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My husband and I dug out a small corner of our lawn 3 years ago for a vegetable garden.  The soil was very hard and clay-like so this year we made it a raised garden with many bags of top soil for the soil.  We have planted tomatoes and peppers from the store that had already started blooming and the some other vegetables and herbs from seed.  On the 4th of July we were weeding and watering and our neighbor came over and was sitting with us.  The next day we all had multiple bites on our upper legs and I had them on my waist line.  Our neighbor said he thought they were chugged bites.  We water or garden every other day when the weather requires it and a few days after the 4th I had about 15 new bites.  Our dogs don't seem to be bothered by anything and we don't seem to get the bites if we are just outside to get the dogs or sitting and talking up by the patio.  We think this might indicate that the chiggers are in our garden but I know they can spread.  My husband refuses to buy bug spray for us to wear and he won't use chemicals on our garden or lawn (we don't even use fertilizer) but he will use miracle grow from time to time.  He is especially concerned about chemicals on/near vegetables that our daughter might eat.  Is there a natural remedy to get ride of chiggers?  We are going to be in the garden a lot when things ripen and I can't take anymore bites.  Thanks!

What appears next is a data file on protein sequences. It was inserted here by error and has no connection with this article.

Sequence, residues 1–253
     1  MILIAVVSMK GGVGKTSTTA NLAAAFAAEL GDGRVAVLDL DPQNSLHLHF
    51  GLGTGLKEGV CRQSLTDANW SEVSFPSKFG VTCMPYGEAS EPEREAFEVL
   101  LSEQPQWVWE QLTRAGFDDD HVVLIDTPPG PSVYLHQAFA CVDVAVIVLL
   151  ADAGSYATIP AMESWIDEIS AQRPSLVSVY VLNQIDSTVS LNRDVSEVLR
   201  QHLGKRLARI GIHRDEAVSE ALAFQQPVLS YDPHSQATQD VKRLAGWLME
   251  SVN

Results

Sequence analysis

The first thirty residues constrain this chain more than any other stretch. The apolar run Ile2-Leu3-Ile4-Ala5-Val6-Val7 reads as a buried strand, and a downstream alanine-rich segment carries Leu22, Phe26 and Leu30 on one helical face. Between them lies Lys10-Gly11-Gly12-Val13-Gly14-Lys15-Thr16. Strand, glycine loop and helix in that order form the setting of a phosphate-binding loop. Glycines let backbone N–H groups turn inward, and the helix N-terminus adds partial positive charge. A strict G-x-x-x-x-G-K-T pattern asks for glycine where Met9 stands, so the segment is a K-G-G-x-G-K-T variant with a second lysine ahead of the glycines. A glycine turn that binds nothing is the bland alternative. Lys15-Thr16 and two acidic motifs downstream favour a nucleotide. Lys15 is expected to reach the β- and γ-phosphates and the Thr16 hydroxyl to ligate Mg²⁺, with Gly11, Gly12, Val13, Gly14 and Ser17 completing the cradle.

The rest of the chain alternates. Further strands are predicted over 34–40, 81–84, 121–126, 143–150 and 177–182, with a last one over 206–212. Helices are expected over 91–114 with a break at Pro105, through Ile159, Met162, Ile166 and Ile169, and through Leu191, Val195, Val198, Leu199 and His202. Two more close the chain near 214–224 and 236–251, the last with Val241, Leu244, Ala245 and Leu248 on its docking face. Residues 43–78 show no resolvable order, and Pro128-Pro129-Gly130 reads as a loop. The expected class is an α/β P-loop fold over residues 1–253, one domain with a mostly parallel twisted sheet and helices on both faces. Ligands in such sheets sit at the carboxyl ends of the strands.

Chiggers are tiny red mites that can bite and leave a extremely itchy, red lesion (see and follow the links to pictures of bites). Bites normally occur in multiples of a few to many bites at one time. The best way to avoid bites is to use an insect repellent such as DEET or picaridin (see or a permethrin-based clothing treatment. Post a follow up if you have questions after looking over these articles.

Jack DeAngelis


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Jack DeAngelis


I can answer questions in any area of entomology (study of insects, spiders, mites, ticks, and other terrestrial arthropods). Contact me about home and garden insects such as aphids and spider mites, insects that bite and sting such as ticks and wasps, and insects that damage homes such as carpenter ants and termites.


20 years as university extension entomologist, now retired; currently publish a website about home and garden insects.


see Fine Gardening magazine

Ph.D. in Entomology (the study of insects)

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